Additionally, major foreign Bitcoin exchanges like Coinbase, Bitfinex and LocalBitcoins would be added to the list of banned domains, which already includes sites like Google and Facebook. And even private trading of cryptocurrency arranged through chat-apps like Telegram and WeChat, for example, could fall under scrutiny, according to the Wall Street Journal.
This much stricter stance on Bitcoin, beyond just exchanges but also concerning Bitcoin itself, seem consistent with comments from PBOC Counselor Sheng Songcheng, as reported by local news sources like Shanghai Securities News. Songcheng was quoted to have said that Bitcoin poses a challenge to China, mentioning money laundering and its potential to curb the nation’s economic policy.
Furthermore, very recent reports indicate that cryptocurrency exchange operators are currently not allowed to leave Beijing. Local news outlet BJ Newswrites:
“[According to] a number of informed sources, the current special currency trading platform executives and so on are not allowed to leave Beijing, [in order] to cooperate with the investigation. In accordance with regulatory requirements, the trading platform shareholders, the actual controller, executives, financial executives [must] fully cooperate with the relevant work in the clean-up period in Beijing.” (Rough translation.)
What This Means…
Trading bitcoin via dedicated exchange platforms in China is off the table for now — that is clear.
But it’s not yet clear how successful a full Chinese Bitcoin blockade could be. It would technically only require a single Bitcoin block of a maximum of four megabytes to make it into China about once every 10 minutes, potentially even through satellite, for the entire country to be able to access the blockchain. As such, banning individual Chinese citizens from owning and using bitcoin might prove difficult, even if exchange platforms close down.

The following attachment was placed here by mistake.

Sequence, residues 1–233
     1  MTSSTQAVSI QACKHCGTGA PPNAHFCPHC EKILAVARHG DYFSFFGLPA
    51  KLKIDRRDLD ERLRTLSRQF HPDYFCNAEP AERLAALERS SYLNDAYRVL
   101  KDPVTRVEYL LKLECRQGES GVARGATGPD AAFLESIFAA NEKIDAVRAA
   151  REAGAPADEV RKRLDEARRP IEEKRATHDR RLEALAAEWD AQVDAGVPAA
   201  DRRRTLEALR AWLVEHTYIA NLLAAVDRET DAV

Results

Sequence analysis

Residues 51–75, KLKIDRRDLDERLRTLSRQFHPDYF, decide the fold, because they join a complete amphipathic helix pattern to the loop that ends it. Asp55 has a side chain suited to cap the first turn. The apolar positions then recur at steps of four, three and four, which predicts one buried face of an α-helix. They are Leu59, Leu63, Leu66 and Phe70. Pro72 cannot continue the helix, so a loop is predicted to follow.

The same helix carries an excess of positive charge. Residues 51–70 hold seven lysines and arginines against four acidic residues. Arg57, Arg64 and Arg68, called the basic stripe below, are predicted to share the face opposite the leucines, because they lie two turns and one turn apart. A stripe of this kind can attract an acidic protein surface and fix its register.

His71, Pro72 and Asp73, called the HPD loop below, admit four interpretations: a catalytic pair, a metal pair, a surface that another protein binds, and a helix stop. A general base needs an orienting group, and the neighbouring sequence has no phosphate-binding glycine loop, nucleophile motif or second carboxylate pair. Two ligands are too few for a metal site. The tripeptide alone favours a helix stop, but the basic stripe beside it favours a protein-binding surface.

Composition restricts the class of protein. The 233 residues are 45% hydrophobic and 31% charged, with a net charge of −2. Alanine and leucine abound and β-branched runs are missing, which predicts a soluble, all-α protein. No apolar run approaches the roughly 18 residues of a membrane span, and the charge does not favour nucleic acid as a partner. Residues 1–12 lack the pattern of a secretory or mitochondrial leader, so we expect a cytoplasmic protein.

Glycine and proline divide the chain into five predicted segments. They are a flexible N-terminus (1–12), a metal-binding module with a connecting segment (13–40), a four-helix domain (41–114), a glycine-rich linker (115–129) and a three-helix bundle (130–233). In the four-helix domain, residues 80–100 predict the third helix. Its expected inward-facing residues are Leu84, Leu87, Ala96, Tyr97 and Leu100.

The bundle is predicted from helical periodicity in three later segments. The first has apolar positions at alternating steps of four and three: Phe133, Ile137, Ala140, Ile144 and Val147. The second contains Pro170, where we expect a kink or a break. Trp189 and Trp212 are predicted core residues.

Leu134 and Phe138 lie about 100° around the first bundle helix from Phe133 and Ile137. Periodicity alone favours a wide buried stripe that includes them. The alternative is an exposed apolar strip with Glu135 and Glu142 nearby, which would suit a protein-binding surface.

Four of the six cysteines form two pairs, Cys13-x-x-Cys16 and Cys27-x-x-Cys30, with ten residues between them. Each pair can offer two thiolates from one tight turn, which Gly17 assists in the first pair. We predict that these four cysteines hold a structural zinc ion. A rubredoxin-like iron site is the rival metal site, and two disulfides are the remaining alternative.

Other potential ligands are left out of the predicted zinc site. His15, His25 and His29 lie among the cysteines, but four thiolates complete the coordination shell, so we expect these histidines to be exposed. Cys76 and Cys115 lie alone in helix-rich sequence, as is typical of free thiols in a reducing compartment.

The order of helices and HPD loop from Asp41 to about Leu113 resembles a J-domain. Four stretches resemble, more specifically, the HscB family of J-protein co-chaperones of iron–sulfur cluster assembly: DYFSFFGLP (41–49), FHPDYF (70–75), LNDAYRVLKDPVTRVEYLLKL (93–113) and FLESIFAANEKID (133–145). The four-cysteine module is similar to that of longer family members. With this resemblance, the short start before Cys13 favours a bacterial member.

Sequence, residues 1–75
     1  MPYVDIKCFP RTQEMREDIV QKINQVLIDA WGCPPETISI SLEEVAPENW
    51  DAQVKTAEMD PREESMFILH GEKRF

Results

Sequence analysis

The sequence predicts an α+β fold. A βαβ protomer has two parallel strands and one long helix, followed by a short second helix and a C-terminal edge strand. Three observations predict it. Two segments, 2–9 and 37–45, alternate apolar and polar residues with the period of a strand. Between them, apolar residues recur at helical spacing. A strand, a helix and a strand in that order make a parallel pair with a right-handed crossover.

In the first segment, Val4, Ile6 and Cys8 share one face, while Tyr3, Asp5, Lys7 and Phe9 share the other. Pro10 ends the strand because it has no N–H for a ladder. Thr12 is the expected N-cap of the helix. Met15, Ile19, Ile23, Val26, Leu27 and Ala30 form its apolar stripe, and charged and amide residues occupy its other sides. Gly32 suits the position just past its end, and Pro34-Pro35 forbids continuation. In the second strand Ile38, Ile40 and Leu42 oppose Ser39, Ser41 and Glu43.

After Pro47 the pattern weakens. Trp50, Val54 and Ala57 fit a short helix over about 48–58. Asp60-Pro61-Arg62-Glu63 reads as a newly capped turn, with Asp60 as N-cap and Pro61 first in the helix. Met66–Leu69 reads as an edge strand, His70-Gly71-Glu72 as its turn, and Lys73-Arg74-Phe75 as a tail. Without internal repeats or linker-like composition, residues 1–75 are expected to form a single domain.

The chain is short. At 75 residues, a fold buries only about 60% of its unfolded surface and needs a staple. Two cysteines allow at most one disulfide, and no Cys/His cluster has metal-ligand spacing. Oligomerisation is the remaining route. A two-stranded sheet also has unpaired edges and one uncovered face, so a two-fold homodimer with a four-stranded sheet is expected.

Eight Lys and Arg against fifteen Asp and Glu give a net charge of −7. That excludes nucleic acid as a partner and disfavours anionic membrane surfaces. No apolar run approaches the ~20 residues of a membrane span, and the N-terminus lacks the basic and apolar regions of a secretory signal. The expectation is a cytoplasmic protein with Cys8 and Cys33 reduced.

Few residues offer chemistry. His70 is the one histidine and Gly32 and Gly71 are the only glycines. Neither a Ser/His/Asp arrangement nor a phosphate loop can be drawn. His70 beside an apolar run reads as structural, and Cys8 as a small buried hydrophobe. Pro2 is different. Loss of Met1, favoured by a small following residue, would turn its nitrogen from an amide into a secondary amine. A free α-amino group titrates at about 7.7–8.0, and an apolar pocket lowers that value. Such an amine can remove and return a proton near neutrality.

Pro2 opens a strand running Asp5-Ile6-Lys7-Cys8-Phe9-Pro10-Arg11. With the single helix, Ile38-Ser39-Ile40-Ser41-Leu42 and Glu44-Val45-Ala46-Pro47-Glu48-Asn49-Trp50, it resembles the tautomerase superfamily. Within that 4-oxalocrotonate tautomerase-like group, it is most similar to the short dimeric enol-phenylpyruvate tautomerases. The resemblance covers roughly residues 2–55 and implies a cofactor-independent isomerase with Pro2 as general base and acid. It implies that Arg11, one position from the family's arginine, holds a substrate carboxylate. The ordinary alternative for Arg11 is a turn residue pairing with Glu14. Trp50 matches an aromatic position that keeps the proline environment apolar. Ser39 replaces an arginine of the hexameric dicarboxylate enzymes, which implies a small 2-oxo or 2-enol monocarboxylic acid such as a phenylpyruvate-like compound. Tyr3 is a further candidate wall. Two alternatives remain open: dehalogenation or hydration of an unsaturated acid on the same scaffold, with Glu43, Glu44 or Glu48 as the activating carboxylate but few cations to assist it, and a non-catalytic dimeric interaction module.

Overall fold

Perhaps an even more important question is what will happen to Bitcoin mining: It’s likely that most of Bitcoin’s hash power is currently situated in the Asian country. While miners should able to connect to the rest of the world, according to ViaBTC CEO Haipo Yang, it’s unclear if this connection will be allowed for much longer. If Chinese authorities indeed intend to ban Bitcoin from the country entirely, some Bitcoin mining operations — both mining pools and hash power data centers — will be easy targets to shut down.
On the other hand, this is not the first time that fears of China “banning Bitcoin” have been raised. In the past, such concerns have simply been a prelude to stricter regulations by local authorities.
It has been suggested by Bitmain CEO Jihan Wu, perhaps a bit optimistically, that exchanges will simply require a new license to continue operation. Similarly, it’s been speculated that the PBOC may introduce a national digital currency as a sort of gateway to cryptocurrency: This would allow the central bank to better track the flow of funds in and out of bitcoin in order to counter money laundering and capital flight.
Then again, it could make more sense to introduce such a national digital currency as a substitute for Bitcoin, once Bitcoin is effectively banned, as suggested by ZeroHedge.
For now, uncertainty prevails.